You said what?!

Blind businessman

What really happens when we communicate

 

As my husband and I sit on Saturday mornings with our coffees, we will be chatting about something – and all of a sudden our dog, Josee, will hop to her feet with excitement. We are often left wondering what we said that may have sounded like “walk” or “treat” or some other important word that Josee loves. While this example with Josee is inane, when similar communication challenges happen in the workplace, they can set the stage for team dysfunction if not recognized and dealt with in a timely and effective manner.

As communicators, we often think that we are clear and easily understood, however our listeners, like Josee, can often walk away with a completely different understanding or in complete confusion. Given that approximately 70% of workers avoid difficult conversations that are often the outcome of miscommunication, these simple examples when chronic, can result in missed deadlines, lost time, and absenteeism. Being a solid communicator requires us to be self-aware and also be able to understand the reaction of the other person.

So let’s talk about a common Communication Blind Spoteveryone thinks the same way that I do. We often have an assumption that our worldview is shared by all. Our brain’s tendency is to think that our perceptions are shared by others. Isn’t obvious how I got to the conclusion that I arrived at in any given situation? Well, no it is not.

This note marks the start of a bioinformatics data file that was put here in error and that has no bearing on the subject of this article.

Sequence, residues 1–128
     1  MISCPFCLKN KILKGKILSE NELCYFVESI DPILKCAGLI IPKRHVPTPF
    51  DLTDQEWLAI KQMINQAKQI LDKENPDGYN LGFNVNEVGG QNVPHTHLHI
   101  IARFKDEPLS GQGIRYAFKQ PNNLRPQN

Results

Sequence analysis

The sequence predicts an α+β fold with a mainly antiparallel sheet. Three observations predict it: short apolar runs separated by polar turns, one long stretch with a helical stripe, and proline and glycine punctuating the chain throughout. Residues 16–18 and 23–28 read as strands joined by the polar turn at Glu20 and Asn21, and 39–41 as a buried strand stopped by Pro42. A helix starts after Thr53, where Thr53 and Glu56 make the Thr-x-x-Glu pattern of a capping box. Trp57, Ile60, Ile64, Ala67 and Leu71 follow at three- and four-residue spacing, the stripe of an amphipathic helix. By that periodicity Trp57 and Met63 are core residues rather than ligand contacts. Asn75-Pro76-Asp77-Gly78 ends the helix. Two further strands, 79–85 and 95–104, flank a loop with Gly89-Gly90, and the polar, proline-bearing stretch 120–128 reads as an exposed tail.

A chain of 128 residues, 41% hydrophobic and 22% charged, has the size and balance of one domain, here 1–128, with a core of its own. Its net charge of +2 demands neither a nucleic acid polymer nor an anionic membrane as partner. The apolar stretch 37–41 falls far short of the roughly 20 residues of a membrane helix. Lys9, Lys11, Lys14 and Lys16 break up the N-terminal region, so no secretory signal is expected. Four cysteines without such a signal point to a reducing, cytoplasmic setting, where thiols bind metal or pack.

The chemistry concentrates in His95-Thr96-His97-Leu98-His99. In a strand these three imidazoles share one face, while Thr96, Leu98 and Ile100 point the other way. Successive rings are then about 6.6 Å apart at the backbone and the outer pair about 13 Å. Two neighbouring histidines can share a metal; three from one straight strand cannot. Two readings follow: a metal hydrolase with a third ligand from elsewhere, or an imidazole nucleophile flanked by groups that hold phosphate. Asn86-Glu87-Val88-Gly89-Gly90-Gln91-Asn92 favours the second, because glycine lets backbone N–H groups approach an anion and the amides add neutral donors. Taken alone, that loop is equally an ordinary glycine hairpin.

Every time we have a conversation, we are listening through our vast storehouse of life experiences. Believe it or not, like Josee, we hear what we think we hear. And our experiences are different than others simply because of our life experiences. In our brains, we have a bias of listening for what is similar to our past experiences and we make assumptions based on our life experiences.

So if you hear yourself saying “doesn’t everyone know …” or “isn’t it obvious that…” then you are caught in this blind spot. Here are 3 tips to help you:

  1. Recognize that you have made an assumption. Name it and then ask the other person what they understood – and how they perceive the situation. Listen intently for things that are different than your perspective and acknowledge them.
  2. Ask what they feel would be the best solution given their way of looking at the world. The best solutions come forward when team members with different perspectives open up and hear each other, then through the many rich experiences, a new solution can arise.
  3. When you are listening to others, recognize your assumptions and biases and name them. Then make sure that you paraphrase what you have heard and request that they clarify if you misunderstood them.

Blind spots in human behaviour are common and can result in confusion and conflict as individual team members will often feel unheard and devalued. However, when these very same blind spots are fully explored and understood the results will be innovative solutions and a highly functioning team dynamic.

Stay tuned for the next Blind Spot and solutions to it in our upcoming blog.

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